4th, 8:07 – 90-104 – The team can’t stop Gerald Green during this stretch, as he scores eight points in a minute. The Raptors hit four straight shots plus a technical free throw but make up just a single point. Kind of like with the previous chunk of time, it appears only one end of the floor works at a time.

4th, 5:58 – 99-112 – Once again, the Suns go nearly three minutes getting shut down, with a lone Goran Dragic floater falling. The Raptors trim the lead to seven over this stretch, but Jeff Hornacek’s timeout completely kills the flow.

4th, 4:07 – 107-114 – You just can’t go 3:33 in crunch time making a single bucket, sorry. Turnover, basket, missed jumper on an ISO mismatch, turnover (more on this one in a second), missed three (rushed pull-up), missed jumper (early clock pull-up with a man open in the corner). The defense may have been alright (though they missed a Morris box-out assignment, costing two points), but the offense was rushed and sloppy.

At that point, you’re down nine with 37 seconds left, and there’s not much you can do from there.

It’s an unfortunate loss, and one that felt winnable all through the fourth. Phoenix has a terrific offense, better than anything the Raptors will see in the first round of the playoffs, but the inability to defend for more than three-minute stretches was frustrating. DeRozan taking the night off on both ends was frustrating, too, though at least Terrence Ross made decent use of the cross-matching advantage. A 19-rebound deficit is also inexcusable against a completely average rebounding team, and only grabbing four offensive boards certainly makes things more difficult on the offensive end.

As usual, Lowry was the best Raptor on the floor (though all non-DeRozan starters played well offensively), which leads me to my biggest gripe about this game.

With 1:37 left to play, Lowry grabbed a defensive rebound and fell after getting tangled. P.J. Tucker then did this:

I get that it was a loose ball and maybe hard to see, but that definitely should have been a foul, not two points for the Suns, as it turned out to be. But that’s not the gripe.

After taking a knee to the head and laying on the ground for minutes, Lowry stayed in the game.

Not to sound soft, but there is simply no explaining this to me. He took a knee to the head and was clearly hurt. I don’t care if it was still a nine-point game with 97 seconds left, get him the hell off the court and properly evaluated. I’d say something like “he’s your best player and you need him healthy for the playoffs, and you were unlikely to win anyway” but it’s even simpler than that – he took a blow to the head and was hurt. Get him off the damn court and get him properly evaluated. I don’t care how tough you are, concussions are serious stuff (trust me). No single game is worth risking a player’s health, especially when it comes to the brain.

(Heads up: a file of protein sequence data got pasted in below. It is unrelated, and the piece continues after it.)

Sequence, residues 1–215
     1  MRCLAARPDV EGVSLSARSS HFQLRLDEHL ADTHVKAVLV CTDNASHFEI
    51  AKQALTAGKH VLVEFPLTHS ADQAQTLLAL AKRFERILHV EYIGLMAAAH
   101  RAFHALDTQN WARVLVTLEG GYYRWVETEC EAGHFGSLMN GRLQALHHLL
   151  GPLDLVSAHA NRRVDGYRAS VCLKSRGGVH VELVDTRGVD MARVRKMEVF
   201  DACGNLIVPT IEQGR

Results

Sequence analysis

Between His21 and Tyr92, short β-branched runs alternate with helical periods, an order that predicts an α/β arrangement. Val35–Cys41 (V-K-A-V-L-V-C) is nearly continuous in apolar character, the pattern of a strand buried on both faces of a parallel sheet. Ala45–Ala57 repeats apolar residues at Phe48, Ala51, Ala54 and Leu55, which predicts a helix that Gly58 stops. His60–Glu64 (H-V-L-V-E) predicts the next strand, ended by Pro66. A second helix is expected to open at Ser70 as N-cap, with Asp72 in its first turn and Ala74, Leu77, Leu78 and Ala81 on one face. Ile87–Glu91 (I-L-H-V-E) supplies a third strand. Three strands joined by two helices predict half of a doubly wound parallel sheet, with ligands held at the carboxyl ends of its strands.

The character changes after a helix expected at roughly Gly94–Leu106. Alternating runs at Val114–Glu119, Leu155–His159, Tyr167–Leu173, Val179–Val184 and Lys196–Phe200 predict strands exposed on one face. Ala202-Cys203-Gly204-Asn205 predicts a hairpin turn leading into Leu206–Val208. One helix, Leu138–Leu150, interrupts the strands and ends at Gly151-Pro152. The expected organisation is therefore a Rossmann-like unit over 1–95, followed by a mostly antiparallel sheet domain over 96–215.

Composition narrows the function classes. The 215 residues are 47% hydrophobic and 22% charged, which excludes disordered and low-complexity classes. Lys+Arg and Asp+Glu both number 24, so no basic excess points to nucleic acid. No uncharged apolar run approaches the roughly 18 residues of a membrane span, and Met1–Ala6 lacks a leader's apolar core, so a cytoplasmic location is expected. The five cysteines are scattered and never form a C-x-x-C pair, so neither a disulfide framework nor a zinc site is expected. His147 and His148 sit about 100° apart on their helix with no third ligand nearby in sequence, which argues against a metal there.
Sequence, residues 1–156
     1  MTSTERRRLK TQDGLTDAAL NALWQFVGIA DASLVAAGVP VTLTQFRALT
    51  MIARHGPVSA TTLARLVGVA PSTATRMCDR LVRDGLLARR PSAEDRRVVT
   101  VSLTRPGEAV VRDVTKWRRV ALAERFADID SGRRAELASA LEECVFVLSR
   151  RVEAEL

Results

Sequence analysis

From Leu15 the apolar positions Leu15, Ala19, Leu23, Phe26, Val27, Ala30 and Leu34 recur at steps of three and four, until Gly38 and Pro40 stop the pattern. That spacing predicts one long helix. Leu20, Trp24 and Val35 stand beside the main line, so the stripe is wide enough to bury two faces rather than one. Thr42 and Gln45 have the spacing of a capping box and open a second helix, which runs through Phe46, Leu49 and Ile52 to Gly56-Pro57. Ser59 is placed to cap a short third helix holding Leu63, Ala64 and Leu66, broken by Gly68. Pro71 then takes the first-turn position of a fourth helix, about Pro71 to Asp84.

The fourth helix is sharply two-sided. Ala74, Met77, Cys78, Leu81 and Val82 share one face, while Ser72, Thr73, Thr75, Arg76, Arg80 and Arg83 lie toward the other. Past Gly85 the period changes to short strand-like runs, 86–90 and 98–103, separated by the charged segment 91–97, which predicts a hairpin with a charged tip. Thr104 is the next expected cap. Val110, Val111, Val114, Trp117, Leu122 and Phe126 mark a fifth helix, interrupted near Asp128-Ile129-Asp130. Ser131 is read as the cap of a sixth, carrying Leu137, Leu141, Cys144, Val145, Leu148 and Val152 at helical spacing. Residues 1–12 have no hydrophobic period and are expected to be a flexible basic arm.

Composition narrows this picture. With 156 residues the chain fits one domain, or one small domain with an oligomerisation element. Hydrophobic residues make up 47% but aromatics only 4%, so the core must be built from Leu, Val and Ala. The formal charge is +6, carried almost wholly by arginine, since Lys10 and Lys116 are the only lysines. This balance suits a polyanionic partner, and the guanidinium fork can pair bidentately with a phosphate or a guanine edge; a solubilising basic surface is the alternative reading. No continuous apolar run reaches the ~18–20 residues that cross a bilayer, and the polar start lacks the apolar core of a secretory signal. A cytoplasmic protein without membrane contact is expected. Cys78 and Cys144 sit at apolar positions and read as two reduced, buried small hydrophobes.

Think Lowry was fine? Once again, Koreen provides the quote, this time from Lowry:

“I got kneed in the head, bad. I got a headache right now. This [camera] light’s killing me right now. But I’m all right, though.”

It wrinkles the brain that in 2014 a player can take a knee to the head, require several minutes to shake it off and remain in a game. Maybe Lowry can talk to James Reimer about how to play through a concussion. Cue the comments about me not being tough or not understanding Lowry’s desire to win or whatever, but it makes zero sense to me that you would leave Lowry in the game after that.

Regardless, the Raptors lost and they’ll now head out on a quick road back-to-back Tuesday (Atlanta) and Wednesday (New Orleans). Both winnable games, even with the travel and quick turnaround, and they’ll need it with Chicago now just a half-game back for third (and the five-six situation not clear enough yet to prefer one spot to the other).